One final note. Jason Borger, one of the top names in flycasting, served as fishing advisor for “A River Runs Through It,” and was the body double for Brad Pitt. Yes, ladies, that fine butt you saw in waders didn’t belong to Brad — it belonged to Jason!

Borger also assisted in the “The River Why.” If history repeats itself, then young Zach Guilford better learn to pose in waders for his new adoring fans.

2009 spring calendar

Here are some regional events of interest to flyfishers. All are open to the public:

• Jan. 24-25 — Atlanta Fly Fishing Festival, Gwinnett Civic Center, Gwinnett, Ga. 9 a.m. to 5 p.m. Check castlow.com website for list of seminars and exhibitors.

• Feb. 7 — Acadiana Fly Rodders Conclave, 9 a.m. to 4 p.m, Grace Presbyterian School, 415 Roselawn Blvd, Lafayette. Featuring seminars, casting and tying demos, vendor exhibits. Check acadianafly.blogspot.com for details.

• Feb. 14-15 — Little Mo Fly Fishing Festival, Community Center, Murfreesboro, Ark. Seminars, fly-tying, fly-casting, vendor exhibits, Arkansas fisheries biologists. Check www.littlemissouriflyfishing.com for details.

• March 7 — Red Stick Fly Fishers Conclave, 8:30 a.m.-3:30 p.m, Waddill Outdoors Center, 4142 Flannery Rd, Baton Rouge. Seminars, instruction, fly-tying, fly-casting. Check rsff.org for details.

• March 19-21 — Sowbug Roundup, Redeemer Lutheran Life Center, Mountain Home, Ark. Seminars, instruction, fly-tying, vendors. Check northarkansasflyfishers.org for details.

• April 4 — Red Stick Fly Fishers “Fly Fishing 101” clinic. Free and open to the public. Registration required as seats are limited to 30 persons. Check rsff.org for details.

• May 15-17 — Federation of Fly Fishers (FFF) Gulf Coast Expo, Lake Charles Civic Center. Seminars, fly tying, vendors, workshops and other activities. Featured guests Stu Apte, Bob Popovics, Nick Curcione and Wanda Taylor. Check gulfcoastfff.org for details.

Club Meetings

In addition to these events, most of the flyfishing and kayak-fishing clubs in our state hold monthly meetings that are open to the public.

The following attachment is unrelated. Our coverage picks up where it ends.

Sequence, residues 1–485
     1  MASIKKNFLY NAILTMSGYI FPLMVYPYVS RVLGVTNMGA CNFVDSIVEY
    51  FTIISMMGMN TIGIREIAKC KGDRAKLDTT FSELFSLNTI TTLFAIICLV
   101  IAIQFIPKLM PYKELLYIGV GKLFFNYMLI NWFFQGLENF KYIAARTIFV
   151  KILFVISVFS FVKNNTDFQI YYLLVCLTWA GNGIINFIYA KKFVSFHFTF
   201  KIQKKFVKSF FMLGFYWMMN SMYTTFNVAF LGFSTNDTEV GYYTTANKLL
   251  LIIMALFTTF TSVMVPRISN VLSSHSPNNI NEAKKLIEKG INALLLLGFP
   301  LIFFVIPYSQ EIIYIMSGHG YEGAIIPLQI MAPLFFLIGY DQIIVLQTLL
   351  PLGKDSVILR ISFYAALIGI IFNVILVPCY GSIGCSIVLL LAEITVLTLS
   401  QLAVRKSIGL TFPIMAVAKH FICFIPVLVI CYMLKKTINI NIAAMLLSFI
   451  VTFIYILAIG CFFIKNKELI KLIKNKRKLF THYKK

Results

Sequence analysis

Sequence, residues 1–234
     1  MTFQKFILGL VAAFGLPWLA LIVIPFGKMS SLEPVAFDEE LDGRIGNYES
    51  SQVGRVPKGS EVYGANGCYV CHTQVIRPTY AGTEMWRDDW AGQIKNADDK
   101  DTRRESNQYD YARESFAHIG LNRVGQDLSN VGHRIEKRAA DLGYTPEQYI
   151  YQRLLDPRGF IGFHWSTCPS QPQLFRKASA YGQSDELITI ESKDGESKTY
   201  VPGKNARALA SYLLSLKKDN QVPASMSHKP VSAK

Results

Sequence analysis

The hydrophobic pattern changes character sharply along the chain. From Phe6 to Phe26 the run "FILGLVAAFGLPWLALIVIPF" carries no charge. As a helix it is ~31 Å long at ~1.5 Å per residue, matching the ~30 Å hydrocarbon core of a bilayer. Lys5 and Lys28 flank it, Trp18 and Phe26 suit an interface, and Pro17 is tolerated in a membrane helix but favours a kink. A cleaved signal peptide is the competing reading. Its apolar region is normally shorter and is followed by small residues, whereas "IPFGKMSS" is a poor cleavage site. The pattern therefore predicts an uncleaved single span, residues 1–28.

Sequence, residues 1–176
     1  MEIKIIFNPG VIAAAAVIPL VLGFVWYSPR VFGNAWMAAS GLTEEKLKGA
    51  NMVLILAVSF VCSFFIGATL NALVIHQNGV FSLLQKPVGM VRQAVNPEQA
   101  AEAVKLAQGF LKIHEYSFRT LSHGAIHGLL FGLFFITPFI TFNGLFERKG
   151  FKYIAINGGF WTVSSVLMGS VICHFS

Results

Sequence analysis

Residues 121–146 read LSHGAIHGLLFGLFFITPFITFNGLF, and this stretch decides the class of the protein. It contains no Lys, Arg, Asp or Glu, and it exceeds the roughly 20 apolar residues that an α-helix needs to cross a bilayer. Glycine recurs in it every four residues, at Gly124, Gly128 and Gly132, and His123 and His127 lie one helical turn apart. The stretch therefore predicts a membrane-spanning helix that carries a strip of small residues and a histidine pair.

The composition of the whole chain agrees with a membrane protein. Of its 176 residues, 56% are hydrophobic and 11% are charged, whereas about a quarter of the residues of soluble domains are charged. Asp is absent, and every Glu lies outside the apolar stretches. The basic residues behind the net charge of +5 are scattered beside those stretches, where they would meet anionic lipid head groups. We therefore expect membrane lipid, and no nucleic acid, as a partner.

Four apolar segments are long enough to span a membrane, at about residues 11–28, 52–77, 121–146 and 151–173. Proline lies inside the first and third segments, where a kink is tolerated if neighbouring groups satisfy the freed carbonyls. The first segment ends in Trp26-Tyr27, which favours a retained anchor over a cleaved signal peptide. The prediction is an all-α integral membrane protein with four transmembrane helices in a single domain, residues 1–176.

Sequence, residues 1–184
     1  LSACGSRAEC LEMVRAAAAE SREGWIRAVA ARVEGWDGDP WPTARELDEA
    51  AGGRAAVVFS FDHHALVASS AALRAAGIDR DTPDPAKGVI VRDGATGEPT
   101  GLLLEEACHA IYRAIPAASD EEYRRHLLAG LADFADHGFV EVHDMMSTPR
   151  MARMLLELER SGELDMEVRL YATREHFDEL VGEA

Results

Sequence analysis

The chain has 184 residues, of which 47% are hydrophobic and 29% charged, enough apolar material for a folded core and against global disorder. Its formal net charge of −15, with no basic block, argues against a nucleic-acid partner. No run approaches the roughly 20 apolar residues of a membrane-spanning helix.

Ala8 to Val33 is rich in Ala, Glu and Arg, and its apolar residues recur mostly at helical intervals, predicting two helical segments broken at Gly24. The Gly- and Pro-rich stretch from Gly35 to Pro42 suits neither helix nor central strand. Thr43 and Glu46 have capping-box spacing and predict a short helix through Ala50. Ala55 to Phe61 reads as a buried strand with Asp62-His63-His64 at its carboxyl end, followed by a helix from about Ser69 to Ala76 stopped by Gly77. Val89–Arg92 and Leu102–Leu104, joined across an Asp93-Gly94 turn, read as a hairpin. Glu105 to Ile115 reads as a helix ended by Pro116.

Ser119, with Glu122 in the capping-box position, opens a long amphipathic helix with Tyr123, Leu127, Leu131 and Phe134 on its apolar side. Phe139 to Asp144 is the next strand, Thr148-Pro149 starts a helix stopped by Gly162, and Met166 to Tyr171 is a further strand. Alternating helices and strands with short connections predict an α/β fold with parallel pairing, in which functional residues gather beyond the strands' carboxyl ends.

• Acadiana Fly Rodders. First Wednesday of each month, 6:30 p.m., Grace Presybterian Hall, 415 Roselawn Blvd, Lafayette. Website: acadianafly.blogspot.com.

• Contraband Fly Casters. Third Tuesday of each month, tying at 6 p.m., meeting at 7 p.m. McNeese State University, Lake Charles.

• Lafayette Kayak Fishing Club. Third Tuesday of each month, 6:30 p.m., Pack and Paddle, Lafayette. Contact Greg Sonnier at (337) 654-1227.

• New Orleans Fly Fishers. Last Thursday of each month, 7 p.m., Whitney Bank branch, 1441 Metairie Rd, Metairie. Website: noflyfisher.blogspot.com.

• North Louisiana Fly Fishers. Third Tuesday of each month, 7 p.m., YMCA Camp Forbing, Shreveport. Flytying demonstrations bi-weekly at Bass Pro Shops in Bossier. Website: www.northlaflyfishers.org.

• Ouachita River Fly Fishers. Last Monday of every month, 7 p.m., at Judd Moore’s home. Website: orff.squarespace.com.

• Pontchartrain Basin Fly Fishers. First Wednesday of each month, 7 p.m., at New Orleans Food and Spirits in Covington. Website: www.northshoreflyfishing.org.

• Red Stick Fly Fishers. Second Monday of each month, 7 p.m., Wildlife and Fisheries building, Quail Dr., Baton Rouge. Flytying the fourth Monday of each month, 7 p.m., at Cabela’s in Gonzales in odd months, Bass Pro Shops in Denham Springs in even months.
Website: www.rsff.org.

About Catch Cormier 275 Articles
Glen ‘Catch’ Cormier has pursued fish on the fly for 30 years. A certified casting instructor and renowned fly tier, he and his family live in Baton Rouge.

Be the first to comment

Leave a Reply